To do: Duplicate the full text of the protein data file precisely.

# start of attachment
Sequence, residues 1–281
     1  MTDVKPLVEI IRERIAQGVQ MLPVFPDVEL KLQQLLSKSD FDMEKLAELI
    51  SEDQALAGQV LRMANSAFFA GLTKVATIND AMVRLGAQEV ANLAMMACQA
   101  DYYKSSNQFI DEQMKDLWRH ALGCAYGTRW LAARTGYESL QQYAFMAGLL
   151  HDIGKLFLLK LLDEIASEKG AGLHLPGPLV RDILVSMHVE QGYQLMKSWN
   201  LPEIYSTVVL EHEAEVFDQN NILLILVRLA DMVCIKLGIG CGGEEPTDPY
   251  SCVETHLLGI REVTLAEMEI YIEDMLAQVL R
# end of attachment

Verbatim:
Sequence, residues 1–281
     1  MTDVKPLVEI IRERIAQGVQ MLPVFPDVEL KLQQLLSKSD FDMEKLAELI
    51  SEDQALAGQV LRMANSAFFA GLTKVATIND AMVRLGAQEV ANLAMMACQA
   101  DYYKSSNQFI DEQMKDLWRH ALGCAYGTRW LAARTGYESL QQYAFMAGLL
   151  HDIGKLFLLK LLDEIASEKG AGLHLPGPLV RDILVSMHVE QGYQLMKSWN
   201  LPEIYSTVVL EHEAEVFDQN NILLILVRLA DMVCIKLGIG CGGEEPTDPY
   251  SCVETHLLGI REVTLAEMEI YIEDMLAQVL R